Hands on: Dragon Quest Swords
May 12, 2007 - This weekend I had the opportunity to play a few minutes of the first Square Enix game for the Nintendo Wii: Dragon Quest Swords. There were more than two dozen kiosks dedicated to Dragon Quest Swords at the Square Enix Party in Japan, and after a short wait in a very long line it wasn't that extensive a wait to get a bit of hands-on with the Wii adventure.
The demo began with a trek through the woods. All the action of Dragon Quest Swords is seen from the first-person viewpoint of the lead character, chosen at the start of the adventure (either male or female), and control is handled via the Wii Remote exclusively. By holding the B button down, the character will move through a rigid on-rails path through the forest. Enemies will leap in from off-screen or out from behind trees and boulders, preventing forward motion; when this happens, these enemies must be taken out before the game allows you to continue on.
In battle, the B button activates the shield -- the on-screen pointer turns into a wooden shield that will block attacks if players anticipate where the attacks are heading. So, if an archer fires an arrow at you from a distance, your character will have a premonition of where it will hit with a flashing icon before the arrow's fired. Hold the B button and point the remote to the location on the screen and the shield will block the attack. Sounds easy, but when three archers fire their arrows at the same time to three different spots on the screen, you'll need a quick hand to swipe the shield across your view to prevent getting hit.
Attacks are handled by the Wii Remote's motion. The game recognizes up/down, side-side, and diagonal attacks, and it did a good job reacting to those moves...but only if you were more exaggerated. Quick flicks of the wrist in the different directions seemed to confuse the game -- left-to-right swipes frequently turned into diagonal slashes in the completely opposite direction, for example. The game definitely likes the full range of motion. Why do you need specific swipe directions? Because the enemies will leap out in horizontal, vertical, and diagonal groups, and you'll get multiple hits if you swipe your sword across them properly.
Locking on is an important part of the sword combat, as you'll need to hit multiple enemies on the upper or side portions of the screen. The Wii Remote, by itself, wouldn't know what part of the screen you're trying to attack when you're swiping, so hitting the A button will plant a reticule on the screen where you clicked it. Once the target is on the screen, any swipe will slash to that spot. This comes in extremely handy when you've got five slimes in a row hovering at the bottom of the screen -- simply click on one of them and whack 'em sideways to wipe them out in a single shot.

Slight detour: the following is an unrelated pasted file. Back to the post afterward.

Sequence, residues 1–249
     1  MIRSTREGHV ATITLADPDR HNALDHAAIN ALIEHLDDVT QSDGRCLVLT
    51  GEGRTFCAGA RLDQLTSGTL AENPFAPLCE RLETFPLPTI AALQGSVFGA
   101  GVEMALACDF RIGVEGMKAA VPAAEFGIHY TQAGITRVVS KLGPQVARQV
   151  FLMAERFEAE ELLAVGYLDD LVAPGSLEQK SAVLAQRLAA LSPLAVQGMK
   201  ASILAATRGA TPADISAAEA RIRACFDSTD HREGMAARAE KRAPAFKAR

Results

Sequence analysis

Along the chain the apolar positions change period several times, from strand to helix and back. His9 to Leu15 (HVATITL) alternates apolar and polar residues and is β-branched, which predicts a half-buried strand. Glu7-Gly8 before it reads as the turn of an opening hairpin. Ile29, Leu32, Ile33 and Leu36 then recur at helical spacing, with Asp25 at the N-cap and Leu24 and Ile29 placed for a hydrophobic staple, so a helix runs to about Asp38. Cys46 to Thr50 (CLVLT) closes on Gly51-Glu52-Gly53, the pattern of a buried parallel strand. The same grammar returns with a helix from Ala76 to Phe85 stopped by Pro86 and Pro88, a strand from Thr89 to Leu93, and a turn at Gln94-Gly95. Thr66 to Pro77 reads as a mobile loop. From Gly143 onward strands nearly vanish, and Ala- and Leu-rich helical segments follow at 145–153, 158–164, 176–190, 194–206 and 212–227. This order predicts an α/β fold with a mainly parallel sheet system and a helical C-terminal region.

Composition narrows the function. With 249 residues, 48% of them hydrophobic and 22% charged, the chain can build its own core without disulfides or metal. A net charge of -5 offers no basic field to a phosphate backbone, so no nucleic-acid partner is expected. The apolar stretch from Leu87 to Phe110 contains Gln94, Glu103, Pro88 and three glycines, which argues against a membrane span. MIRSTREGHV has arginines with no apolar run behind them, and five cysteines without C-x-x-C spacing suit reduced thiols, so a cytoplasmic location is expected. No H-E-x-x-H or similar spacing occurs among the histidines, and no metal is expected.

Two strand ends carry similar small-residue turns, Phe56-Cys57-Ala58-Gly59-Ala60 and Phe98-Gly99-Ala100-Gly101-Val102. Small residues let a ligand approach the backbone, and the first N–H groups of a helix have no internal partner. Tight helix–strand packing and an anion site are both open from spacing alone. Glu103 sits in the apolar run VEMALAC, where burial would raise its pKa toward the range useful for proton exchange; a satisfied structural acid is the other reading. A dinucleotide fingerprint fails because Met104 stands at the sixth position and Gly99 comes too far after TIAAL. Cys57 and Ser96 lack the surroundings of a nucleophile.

Familiar faces await you to show them what for with the Wii remote.
The game puts equal attention on offense and defense, so you'll have to block attacks from evil vomiting zombies before you can whack them with the remote. Some characters -- like the end boss -- have very Punch Out! like attack patterns where you'll have to block in succession; withstand the attacks and wear him out, and you can counter with attacks of your own.
There are also special attacks that you can perform. When you encounter an enemy that's doing nothing but blocking your swipes, hitting the 2 button on the Wii Remote will pull up a menu where you can select the more brutal attacks. To pull them off you'll need to follow the on-screen menu -- the one I tried was an attack where you had to hold the remote up to ready the strike, then slam the remote down as quickly and rapidly as possible to pull off the brutal assault. Since the demo only gives you enough power for one special attack, I didn't get to try the other one in the menu.
At certain points in the woods you'll have your choice of different paths to choose -- they're represented by arrows that you click on with the Wii Remote and A button. Treasure chests will also get underfoot while you progress along the path...again, clicking on the A button will open them up and reveal the goodies inside. Goodies that'll automatically get added to your inventory.
Square Enix limited attendee playtime to only a specific portion of the game's early part -- once players got to the final boss (the rock-like beast that was shown in the concept render movie during the Electronic Entertainment Expo in 2006) and defeated him, the hands-on demonstration ended and it was off to the rest of the show.
Overall, the demo offered a good amount of fun...but it's, in its current form, a simple design that's far from a game that's going to reach classic status on the Wii system. It definitely has merit as a Wii-specific design that uses many of the unique elements of the Wii remote, and had a lot of keen nods to the Dragon Quest series with its monster-infested forest. It also didn't look all that bad on the widescreen LCD displays at the show, running at a smooth and consistent 30 frames per second rate.
The game is scheduled to ship in Japan on July 12th. Check out the latest screens by clicking the links below.
Thanks to IGN.com for sharing the news with us!